in a way that (no one in her right mind thinks that) everything
in the Bible is central to Christianity. Imagine a Christian
being handed a Bible asked, "OK, where's the meat? If I've only
got time to read a small part of this thing to get the most
important ideas, what should I read?" The Christian might
recommend the Sermon on the Mount, the Passion of Christ, perhaps
some of the letters of Paul; but no one, I venture to say, would
point to Judges 21 or 1st Samuel. Whereas it's quite plausible
for the Muslim to say, "All of the Qur'an is equally important;
it's all the Word of God." So matching quotation for quotation
misses the point.

"This development of the religious community outside of the halls
of political power gives both Judaism and Christianity the
flexibility to adapt to the secular concept of the separation of
church and state[.]"

I agree that RDC is on very shaky ground here. In the Christian
case, I'd attribute the alleged flexibility (although there's
probably a better word) more to the fact that neither of the men
you might call the founders of the religion, Jesus and St. Paul,
founded political states, whereas Mohammed did.

Re Judaism, about which neither of us have said very much (in my
case because I don't know very much): I think RDC is right about
the nonpolitical nature of Diaspora (rabbinical) Judaism. Temple
Judaism is another matter, and to the extend that certain
Orthodox sects may be attempting to reinstate it in Jerusalem,
they're clearly a destructive force in contemporary Palestine.
But I don't know what I'm talking about here.

BTW, apparently James Carroll makes the counterargument to RDC's
in Constantine's Sword: The Church and the Jews: " Carroll
proceeds according to a straightforward thesis: In the aftermath
of Constantine's conversion (AD 312), the church became an organ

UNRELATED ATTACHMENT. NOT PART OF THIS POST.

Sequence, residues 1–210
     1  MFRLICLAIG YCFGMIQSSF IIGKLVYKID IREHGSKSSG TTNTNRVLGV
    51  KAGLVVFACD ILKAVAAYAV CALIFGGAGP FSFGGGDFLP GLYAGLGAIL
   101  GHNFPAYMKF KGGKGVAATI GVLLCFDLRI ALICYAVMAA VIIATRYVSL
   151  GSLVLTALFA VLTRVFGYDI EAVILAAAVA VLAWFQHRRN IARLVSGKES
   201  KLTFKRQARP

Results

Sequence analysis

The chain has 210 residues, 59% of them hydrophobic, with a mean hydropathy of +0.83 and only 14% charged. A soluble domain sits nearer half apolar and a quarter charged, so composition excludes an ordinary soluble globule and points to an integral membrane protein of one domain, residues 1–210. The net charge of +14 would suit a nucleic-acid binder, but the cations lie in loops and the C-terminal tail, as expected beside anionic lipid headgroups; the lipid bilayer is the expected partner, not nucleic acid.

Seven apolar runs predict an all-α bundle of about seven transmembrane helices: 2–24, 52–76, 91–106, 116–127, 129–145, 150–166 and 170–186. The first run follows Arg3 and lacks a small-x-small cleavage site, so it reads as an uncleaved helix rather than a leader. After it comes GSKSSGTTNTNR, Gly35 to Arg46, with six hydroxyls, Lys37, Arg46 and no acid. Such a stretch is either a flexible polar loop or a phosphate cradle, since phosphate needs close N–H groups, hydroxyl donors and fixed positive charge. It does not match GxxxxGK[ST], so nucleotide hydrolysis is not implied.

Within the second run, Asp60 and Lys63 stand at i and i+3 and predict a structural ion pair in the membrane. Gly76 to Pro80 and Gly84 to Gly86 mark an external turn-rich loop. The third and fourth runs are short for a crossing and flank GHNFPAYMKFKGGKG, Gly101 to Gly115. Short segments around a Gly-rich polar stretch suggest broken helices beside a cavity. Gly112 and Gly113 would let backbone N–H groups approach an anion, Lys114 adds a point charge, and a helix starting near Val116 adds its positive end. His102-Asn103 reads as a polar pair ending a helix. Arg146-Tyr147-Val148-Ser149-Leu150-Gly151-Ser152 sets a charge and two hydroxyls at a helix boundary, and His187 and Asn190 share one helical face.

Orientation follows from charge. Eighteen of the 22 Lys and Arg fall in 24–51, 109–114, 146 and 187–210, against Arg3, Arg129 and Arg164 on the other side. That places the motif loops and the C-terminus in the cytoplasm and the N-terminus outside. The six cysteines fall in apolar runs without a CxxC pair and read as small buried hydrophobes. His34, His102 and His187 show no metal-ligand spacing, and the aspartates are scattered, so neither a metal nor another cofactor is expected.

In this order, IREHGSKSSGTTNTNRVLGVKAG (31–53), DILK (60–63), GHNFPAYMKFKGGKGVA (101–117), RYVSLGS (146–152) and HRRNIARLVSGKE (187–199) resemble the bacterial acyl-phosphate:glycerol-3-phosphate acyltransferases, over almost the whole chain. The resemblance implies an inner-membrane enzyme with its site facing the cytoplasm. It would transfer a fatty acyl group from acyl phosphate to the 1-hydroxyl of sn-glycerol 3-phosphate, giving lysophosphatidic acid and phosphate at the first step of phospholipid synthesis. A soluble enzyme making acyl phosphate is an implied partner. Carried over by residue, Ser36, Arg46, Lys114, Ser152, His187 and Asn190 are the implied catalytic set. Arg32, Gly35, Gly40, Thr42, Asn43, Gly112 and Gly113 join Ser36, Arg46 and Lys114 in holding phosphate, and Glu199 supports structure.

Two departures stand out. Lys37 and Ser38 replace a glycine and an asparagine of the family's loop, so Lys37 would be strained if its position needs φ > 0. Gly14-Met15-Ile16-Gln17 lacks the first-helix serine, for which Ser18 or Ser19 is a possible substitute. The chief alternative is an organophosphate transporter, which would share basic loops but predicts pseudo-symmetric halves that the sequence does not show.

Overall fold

of the Roman state, and as a consequence, its integrity was
irreversibly compromised." (Erik Tarloff, writing in Slate last

" Briefly, the question of how tolerance . . . Christianity as a
political force."

The question will depend to a degree on how you define
"tolerance": I would argue that there are important differences
between, say, the view currently hegemonic in the West that
religious beliefs are entirely a matter of private conviction,
and the quite different view, found at many times in European
history, that belief cannot be compelled. The former is, as you
indicate, the aftermath of Europe's exhaustion from its
fratricidal religious wars. But the point is that, after
Protestants and Catholics had killed each other in sufficient
numbers for enough centuries that they got good and sick of it,
there was enough doctrinal room in Christianity for them to work
out a modus vivendi, a new understanding of the relationship
between secular and religious authority, between the public and
the private, so that they no longer felt a need to kill each
other, and yet they still considered themselves believers. By
extension, this new-found tolerance caused them to lose the urge
to kill, or ( in many, but still too few, cases) even to convert
nonChristians. It's not the place of a nonMuslim to say whether
or not similar room exists in the Islamic tradition, but I take
RDC's point to be (and I say this in the light of my own
preliminary and uninformed reading) it's hard to see where it
could be found.

"There is an . . . ignorance armed with a diploma."

First, I agree that "Why do they hate us?" is a stupid question.
There are a whole lot of "they"s who hate us for a whole lot of
different reasons (not to mention the problems with the referent
of the "us"). But to the point: RDC teaches history of
religion. I suggest that your gripe is not with him or with the